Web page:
Posts Tagged ‘japanese- american’

Artist of the moment…………Roger Shimomura


Roger Shimomura has something in common with previous post Mine Okuba, Roger Shimomura also spent time as a detainee in a Japanese American interment camp. In other works Shimomura paints in a Pop art manner. Cartoony, but not as modernist as manga art.

Price range information: The artist produces silkscreen prints and also original art painted in acrylics. No price information available.

Below a link to the website of artist Roger Shimomura:

Roger Shimomura was born in Seattle, Washington in the year 1939. Shimomura attended the University of Washington where he earned a B.F.A. The artist went on to earn an MFA from Syracuse University.

In this clip we view the show where I first saw Roger Shimomura’s work, at the Missoula, Montana Art Museum. Works and an interview are shown here:

The artist has worked as part an professor of art and the University of Kansas located in Lawrence, Kansas. He taught from 1969 until 2004.

I think its great that this artist and Mine Okubo have done wonderful paintings on feelings they experienced as a child. Even though its a tough and difficult subject matter, as the artist said himself, we can’t just erase the experience from our memories.



Artist of the moment……….Mine Okubo


Mine Okubo was an American artist renown for her paintings and drawings made around the period of World War 2, which showed what life was like for Japanese Americans living in internment camps. Mine Okuba was born in Riverside, California in the year 1912. Okubo also worked with the figure in a modern style.

The artist worked with casein, watercolor, and acrylic.

In this clip a fellow internee talks about his relationship with Mine Okubo. Also many works are shown:

Price range information: Sorry none available.

Okuba attended the University of California at Berkley.

Her book that dealt with these events was titled Citizen 13660. The book contained more than 2,000 works of art dedicated to this topic.

After being released early from her camp, Okubo moved to New York City.

Mine Okubo passed away in 2001.

I find it great that the Okubo was able to make such great work depicting such a horrible event.






Artist of the moment…..Sculptor Ruth Asawa….

The artist is a Japanese/ American that was born in 1926 in Norwalk, California. She is known for her organic shapes made with wire and other found materials. She was one of seven children. Her dad bought and sold trucks for a living. Then came World War Two and the family was moved to one of the Japanese Internment camps when Asawa was sixteen years old.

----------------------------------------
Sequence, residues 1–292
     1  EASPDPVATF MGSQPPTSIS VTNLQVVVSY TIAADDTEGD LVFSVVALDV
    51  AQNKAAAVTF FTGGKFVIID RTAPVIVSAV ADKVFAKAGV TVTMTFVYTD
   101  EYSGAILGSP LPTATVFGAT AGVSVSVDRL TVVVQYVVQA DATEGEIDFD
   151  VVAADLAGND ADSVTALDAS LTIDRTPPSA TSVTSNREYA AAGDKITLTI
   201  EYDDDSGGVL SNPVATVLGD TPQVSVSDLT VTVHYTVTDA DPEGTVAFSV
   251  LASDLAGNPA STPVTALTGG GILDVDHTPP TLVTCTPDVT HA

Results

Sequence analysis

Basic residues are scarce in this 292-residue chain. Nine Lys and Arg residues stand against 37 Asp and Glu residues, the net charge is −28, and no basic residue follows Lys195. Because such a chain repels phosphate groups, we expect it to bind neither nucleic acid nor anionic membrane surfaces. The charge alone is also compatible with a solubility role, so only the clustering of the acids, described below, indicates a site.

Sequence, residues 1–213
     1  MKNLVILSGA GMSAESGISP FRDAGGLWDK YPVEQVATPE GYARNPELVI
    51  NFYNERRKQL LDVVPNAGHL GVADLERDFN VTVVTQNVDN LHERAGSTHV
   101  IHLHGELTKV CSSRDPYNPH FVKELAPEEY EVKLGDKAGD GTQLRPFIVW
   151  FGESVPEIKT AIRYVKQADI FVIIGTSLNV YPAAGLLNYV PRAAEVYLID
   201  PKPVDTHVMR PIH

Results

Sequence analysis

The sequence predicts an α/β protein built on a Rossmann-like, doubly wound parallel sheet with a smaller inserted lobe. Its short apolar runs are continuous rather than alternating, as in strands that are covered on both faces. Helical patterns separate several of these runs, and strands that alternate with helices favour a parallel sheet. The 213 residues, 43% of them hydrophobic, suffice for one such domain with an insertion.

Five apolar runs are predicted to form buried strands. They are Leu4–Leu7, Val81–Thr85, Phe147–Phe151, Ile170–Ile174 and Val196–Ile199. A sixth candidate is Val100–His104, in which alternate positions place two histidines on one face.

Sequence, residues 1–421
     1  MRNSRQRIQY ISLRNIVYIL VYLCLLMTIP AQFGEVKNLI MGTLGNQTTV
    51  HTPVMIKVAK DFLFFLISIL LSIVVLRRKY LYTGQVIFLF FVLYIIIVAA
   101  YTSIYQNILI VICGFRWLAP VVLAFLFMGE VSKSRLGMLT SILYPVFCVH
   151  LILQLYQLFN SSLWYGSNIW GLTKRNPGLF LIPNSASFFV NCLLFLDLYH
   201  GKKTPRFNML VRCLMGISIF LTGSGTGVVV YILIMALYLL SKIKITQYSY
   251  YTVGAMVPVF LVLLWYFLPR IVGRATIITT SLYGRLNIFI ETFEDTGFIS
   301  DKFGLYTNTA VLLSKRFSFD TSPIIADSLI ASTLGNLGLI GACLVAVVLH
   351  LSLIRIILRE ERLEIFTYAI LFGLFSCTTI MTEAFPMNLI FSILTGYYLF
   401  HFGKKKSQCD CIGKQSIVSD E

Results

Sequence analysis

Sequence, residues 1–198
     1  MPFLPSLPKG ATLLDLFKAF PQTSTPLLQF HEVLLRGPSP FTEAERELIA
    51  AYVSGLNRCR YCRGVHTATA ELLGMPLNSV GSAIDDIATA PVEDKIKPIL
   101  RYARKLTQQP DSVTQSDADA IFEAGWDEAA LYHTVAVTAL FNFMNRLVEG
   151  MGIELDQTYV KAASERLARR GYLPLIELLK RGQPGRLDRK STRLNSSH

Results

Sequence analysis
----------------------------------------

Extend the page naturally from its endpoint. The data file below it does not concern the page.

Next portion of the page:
Asawa graduated high school whilst still at the internment center. She went on to college to become a teacher at the Milwaukee State Teacher’s College. She was unable to get hired for her student teaching work and left college without a degree. This degree was eventually given in 1998.

Asaway also studied with Josef Albers at the Black Mountain College located in Black Mountain, North Carolina.

Asawa is a well established painter in San Francisco. The San Francisco School for the Arts was renamed the Ruth Asawa San Francisco School for the Arts in 2010. She is an iconic figure in the San Francisco community where you can see her some of her large public commissions.

She became a national figure in the art world after being part of several group exhibitions at the Whitney Museum of Art in the 1950s.

Price range information on the artist:  She is mainly a sculptor but has also done works in watercolor which can be found for less than five thousand dollars. Works in bronze are the most affordable in a range from $1,000 to $5,000. Ceramic works can be found around $1,000. Copper works can range from $30,000 top $278,000. Steel works can cost up to nearly $400,000.

A great example of her sculpture here.

A great example of a sculpture. You get a great feel for her use of shape.

In this clip from the San Jose Museum of Art we here from a curator about a show featuring Asawa.

In this clip we see a local San Francisco television station’s segment on the artist. She helped to lead a group in San Francisco, of which one of her sons is part of, of working artists into public schools. At around the seven minute mark you can see Ruth working on a collaboration with this son.

The artist reminds me of Yayoi Kusama for her great use of organic shapes. Kusama is a great artist who has lived much of her life in a mental facility, but that doesn’t stop her from creating wonderful works of art. Below is an example of Kusami’s art. She was born in 1929 and became a United States citizen in 1966. Below is a great example of her unique style.  She is known for her abstract use of shape and her genre of gourds and pumpkins.


Another artist that comes to mind would be Ken Price. Price, who passed away in 2012, was a great artist who was known for his use of shapes with ceramics. Asawa and Price both do a great job of creating a shape that seems to have movement that never stops.


I think its important to remember the past. Asawa had a tough upbringing living in the internment camps, I imagine her as I child still playing and creating as all children do with their boundless energy. With the passing of the Senator from Hawaii Daniel Inouye a few weeks ago, it was a brief reminder of how asians were seen decades ago. With great examples like Ruth Asawa and  Daniel Inouye it should be an example to all people, not only artists, of what is possible with the human mind! No matter how bad your current situation is, CREATE SOMETHING, put that nervous energy to great use!